Tumbling tech and retail companies take US stocks lower
US stocks fell on Thursday as technology firms and small companies skidded.
Investors bought high-dividend stocks, which pulled the market away from steeper losses.
Stocks dropped in early trading as investors reacted to rising interest rates in the US, while the Bank of England came unexpectedly close to raising UK interest rates for the first time in 10 years.
Smaller, more domestically oriented companies fell as investors wondered if the expanding special counsel investigation in Washington will affect President Donald Trump's proposed agenda of cuts in taxes and regulations.
"Investors are getting a bit antsy waiting for these pro-growth policies," said Karyn Cavanaugh of Voya Investment Strategies.
Elsewhere, technology companies continued their recent slump, while shoe retailer Nike and toy maker Mattel both fell.
But industrial companies rose on new signs US. manufacturing has steadied, and utilities and real estate companies did well.
The Standard & Poor's 500 index lost 5.46 points, or 0.2%, to 2,432.46. It fell as much as 19 points in the morning.
The Dow Jones industrial average dipped 14.66 points, or 0.1%, to 21,359.90 after it closed at a record high on Wednesday.
The Nasdaq composite dropped 29.39 points, or 0.5%, to 6,165.50.
The Russell 2000 index of small-company stocks fell 7.49 points, or 0.5%, to 1,410.08.
Technology companies, which have done far better than the rest of the market this year, continued to slide.
Apple gave up 87 cents to 144.29 dollars and Alphabet, Google's parent company, sank 7.75 dollars to 960.18 dollars. Symantec shed 68 cents, or 2.3%, to 28.41 dollars. The stocks have been slipping since Friday and the Nasdaq is on track for its second consecutive weekly loss.
Nike declined 1.76 dollars, or 3.2%, to 52.90 dollars after the company said it will eliminate 1,400 jobs, or about 2% of its staff positions, and reduce the number of trainer styles it sells by about a quarter. Amazon dipped 12.30 dollars, or 1.3%, to 964.17 dollars.
Grocery chain Kroger took its biggest one-day loss since 1999. The company cut its annual profit outlook as it deals with growing competition from discount chains Aldi and from Lidl. Kroger's stock plunged 5.72 dollars, or 18.9%, to 24.56 dollars. Competitor Supervalu fell 30 cents, or 7.4%, to 3.76 dollars.
Mattel said it wants to restructure its business to help bring new products to market faster. It will also reduce its dividend payments, although it did not say by how much. The stock fell 1.48 dollars, or 6.7%, to 20.67 dollars.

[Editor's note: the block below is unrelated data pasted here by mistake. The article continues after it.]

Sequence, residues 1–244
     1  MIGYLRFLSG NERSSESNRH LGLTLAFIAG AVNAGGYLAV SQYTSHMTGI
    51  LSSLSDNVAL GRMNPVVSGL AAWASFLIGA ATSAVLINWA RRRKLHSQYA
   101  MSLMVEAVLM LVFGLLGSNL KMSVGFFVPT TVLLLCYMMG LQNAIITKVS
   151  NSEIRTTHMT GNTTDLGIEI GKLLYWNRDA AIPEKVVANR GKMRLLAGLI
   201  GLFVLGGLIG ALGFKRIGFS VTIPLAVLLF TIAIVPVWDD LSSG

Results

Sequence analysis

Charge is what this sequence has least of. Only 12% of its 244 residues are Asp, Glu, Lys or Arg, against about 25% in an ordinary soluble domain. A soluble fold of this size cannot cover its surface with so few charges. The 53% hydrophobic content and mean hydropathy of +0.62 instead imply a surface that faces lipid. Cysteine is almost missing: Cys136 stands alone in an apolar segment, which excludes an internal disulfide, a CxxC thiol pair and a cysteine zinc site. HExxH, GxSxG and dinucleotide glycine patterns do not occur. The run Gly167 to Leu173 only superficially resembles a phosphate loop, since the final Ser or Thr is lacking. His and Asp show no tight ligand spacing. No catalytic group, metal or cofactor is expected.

The Washington Post reported late on Wednesday that the special counsel investigating Russian influence in the presidential campaign is now examining whether President Trump tried to obstruct justice. Allegations of obstruction arose last month when he sacked FBI director James Comey.
Mr Trump has touted an agenda aimed at getting the economy to grow faster. That could help smaller companies because they are more domestically focused and thus more dependent on economic growth. Those stocks made dramatic gains after Mr Trump was elected.
On Thursday, sub-prime consumer lender World Acceptance lost 10.30 dollars, or 12.4%, to 73 dollars. Diagnostic imaging company Lantheus Holdings fell 1.45 dollars, or 8.9%, to 14.80 dollars. Publisher Time sank 55 cents, or 3.9%, to 13.45 dollars.
As the dollar regained strength, the price of gold sank 21.30 dollars, or 1.7%, to 1,254.60 dollars an ounce and silver lost 42 cents, or 2.5%, to 16.72 dollars an ounce. Copper lost 1 cent to 2.57 dollars a pound.
The Bank of England left interest rates alone, but came closer to raising rates than many expected. Three of the eight members of its Monetary Policy Committee wanted to raise rates by a quarter-point. A growing number of its policy makers seem to be worried about a spike in inflation that is eating into the living standards of the British.
Germany's DAX fell 0.9% while the FTSE 100 in Britain dropped 0.7%. The CAC-40 in France sank 0.5%.
Japan's Nikkei 225 stock index fell 0.3% and South Korea's Kospi sank 0.5%. The Hang Seng in Hong Kong dropped 1.2%.